Findings: Out of 257 study participants, 189 (73.5%) had DRPs and a total of 316 DRPs were identified. From the six classes of DRPs studied, 103 (32.6%) cases related to untreated indication or need additional drug therapy, and 49 (15.5%) cases related to high medication dosage. Unnecessary drug therapy in 49 (15.5%) cases, low medication dosage in 44 (13.9%) cases, and ineffective drug therapy in 42 (13.3%) cases were the other classes of problems identified. Noncompliance in 31 (9.8%) cases was the least prevalent DRP. Independent factors which predicted the occurrence of DRPs in the study population were sex, age, polypharmacy, and clinically significant potential drug-drug interactions. The prevalence of DRPs was substantially high (73.5%).
Conclusion: Drug-related problems are common among medical ward patients. Indication-related problems, untreated indication and unnecessary drug therapy were the most common types of DRPs among patients of our medical ward.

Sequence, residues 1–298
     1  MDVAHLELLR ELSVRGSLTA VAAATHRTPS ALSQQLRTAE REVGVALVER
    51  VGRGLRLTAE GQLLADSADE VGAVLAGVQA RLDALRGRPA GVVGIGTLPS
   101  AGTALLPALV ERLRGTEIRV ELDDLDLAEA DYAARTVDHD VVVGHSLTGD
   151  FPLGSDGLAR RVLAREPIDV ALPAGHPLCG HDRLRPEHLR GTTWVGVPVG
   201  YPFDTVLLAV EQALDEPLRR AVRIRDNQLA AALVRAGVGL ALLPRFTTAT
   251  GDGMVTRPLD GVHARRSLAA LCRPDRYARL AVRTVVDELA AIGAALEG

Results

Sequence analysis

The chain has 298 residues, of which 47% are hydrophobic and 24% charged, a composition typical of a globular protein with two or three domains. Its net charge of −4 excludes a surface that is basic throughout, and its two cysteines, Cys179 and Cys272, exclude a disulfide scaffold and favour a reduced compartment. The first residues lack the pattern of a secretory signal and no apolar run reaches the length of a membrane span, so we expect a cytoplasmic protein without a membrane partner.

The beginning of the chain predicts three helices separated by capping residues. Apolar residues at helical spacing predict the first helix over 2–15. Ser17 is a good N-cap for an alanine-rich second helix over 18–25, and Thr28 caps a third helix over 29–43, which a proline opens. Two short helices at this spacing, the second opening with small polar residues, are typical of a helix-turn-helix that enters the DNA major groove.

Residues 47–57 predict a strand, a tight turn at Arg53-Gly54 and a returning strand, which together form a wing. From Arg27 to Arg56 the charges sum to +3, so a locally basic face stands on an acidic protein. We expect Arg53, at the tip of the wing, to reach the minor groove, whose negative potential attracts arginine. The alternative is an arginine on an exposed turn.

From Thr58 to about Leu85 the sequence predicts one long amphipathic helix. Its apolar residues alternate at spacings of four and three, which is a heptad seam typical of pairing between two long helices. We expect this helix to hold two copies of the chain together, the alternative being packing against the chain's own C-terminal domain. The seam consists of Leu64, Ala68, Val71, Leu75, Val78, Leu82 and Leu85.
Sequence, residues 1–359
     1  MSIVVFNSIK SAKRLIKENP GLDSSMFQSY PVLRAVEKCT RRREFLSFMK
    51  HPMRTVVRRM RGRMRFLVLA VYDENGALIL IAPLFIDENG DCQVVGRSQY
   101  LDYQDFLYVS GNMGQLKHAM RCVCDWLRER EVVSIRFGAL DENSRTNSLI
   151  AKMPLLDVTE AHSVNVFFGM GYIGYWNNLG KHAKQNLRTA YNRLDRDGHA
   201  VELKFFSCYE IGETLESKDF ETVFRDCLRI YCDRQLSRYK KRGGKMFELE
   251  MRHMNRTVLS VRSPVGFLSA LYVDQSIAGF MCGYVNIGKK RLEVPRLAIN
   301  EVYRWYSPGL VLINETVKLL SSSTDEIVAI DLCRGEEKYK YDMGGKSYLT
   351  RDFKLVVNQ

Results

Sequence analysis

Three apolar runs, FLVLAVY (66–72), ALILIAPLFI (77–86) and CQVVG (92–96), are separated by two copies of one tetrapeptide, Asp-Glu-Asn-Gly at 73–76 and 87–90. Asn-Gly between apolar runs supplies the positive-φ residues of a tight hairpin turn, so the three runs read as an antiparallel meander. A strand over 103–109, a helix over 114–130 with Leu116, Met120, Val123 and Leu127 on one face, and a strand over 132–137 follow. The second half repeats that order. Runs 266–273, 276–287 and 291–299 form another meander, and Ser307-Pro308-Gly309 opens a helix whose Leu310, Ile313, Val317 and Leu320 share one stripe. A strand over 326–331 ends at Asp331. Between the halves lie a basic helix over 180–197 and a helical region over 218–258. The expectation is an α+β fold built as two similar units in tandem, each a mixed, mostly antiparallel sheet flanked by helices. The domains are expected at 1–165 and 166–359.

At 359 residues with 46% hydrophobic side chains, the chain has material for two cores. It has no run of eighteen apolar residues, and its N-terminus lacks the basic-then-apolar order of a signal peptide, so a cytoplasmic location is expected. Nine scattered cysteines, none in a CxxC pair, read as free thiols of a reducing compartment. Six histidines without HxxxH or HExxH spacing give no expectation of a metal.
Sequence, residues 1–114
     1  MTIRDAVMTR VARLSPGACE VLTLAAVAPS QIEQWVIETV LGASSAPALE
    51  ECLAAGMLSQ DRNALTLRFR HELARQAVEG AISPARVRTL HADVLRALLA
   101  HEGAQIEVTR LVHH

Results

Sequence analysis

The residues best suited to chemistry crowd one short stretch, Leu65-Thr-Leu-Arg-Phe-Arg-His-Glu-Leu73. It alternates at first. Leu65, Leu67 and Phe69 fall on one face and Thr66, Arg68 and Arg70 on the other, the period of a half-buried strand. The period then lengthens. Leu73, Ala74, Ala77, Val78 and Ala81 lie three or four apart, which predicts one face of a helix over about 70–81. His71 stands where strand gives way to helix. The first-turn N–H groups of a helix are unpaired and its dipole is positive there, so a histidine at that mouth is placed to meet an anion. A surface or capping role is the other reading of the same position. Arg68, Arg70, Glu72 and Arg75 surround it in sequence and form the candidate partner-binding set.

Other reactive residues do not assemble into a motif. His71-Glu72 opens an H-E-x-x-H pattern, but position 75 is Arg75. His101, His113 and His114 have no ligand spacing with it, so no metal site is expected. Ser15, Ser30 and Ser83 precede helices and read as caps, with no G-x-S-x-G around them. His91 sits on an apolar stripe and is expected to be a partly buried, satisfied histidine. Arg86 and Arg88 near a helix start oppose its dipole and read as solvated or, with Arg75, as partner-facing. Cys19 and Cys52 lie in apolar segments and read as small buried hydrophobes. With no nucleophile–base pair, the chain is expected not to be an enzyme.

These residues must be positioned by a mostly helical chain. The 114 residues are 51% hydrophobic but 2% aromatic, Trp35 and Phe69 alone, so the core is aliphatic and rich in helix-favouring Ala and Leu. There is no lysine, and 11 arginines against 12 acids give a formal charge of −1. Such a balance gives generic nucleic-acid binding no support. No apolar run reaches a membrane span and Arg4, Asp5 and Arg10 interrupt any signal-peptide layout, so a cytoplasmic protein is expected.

Keywords: Drug-related problems; inappropriate dosage; ineffective drug therapy; unnecessary drug therapy

How to cite this article:
Tigabu BM, Daba D, Habte B. Drug-related problems among medical ward patients in Jimma university specialized hospital, Southwest Ethiopia. J Res Pharm Pract 2014;3:1-5

How to cite this URL:
Tigabu BM, Daba D, Habte B. Drug-related problems among medical ward patients in Jimma university specialized hospital, Southwest Ethiopia. J Res Pharm Pract [serial online] 2014 [cited 2022 Aug 18];3:1-5. Available from: https://www.jrpp.net/text.asp?2014/3/1/1/132702

  Introduction Top

The increasing number of available drugs and drug users as well as more complex drug regimens led to more side-effects and drug interactions and complicates follow-up. [1] A drug-related problem (DRP) can be defined as an event or circumstance involving drug therapy that actually or potentially interferes with desired health outcomes. [2] DRPs are classified into seven classes, including: Need additional drug therapy, unnecessary drug therapy, ineffective drug, too low or too high dosage, adverse drug reactions, and noncompliance. [3]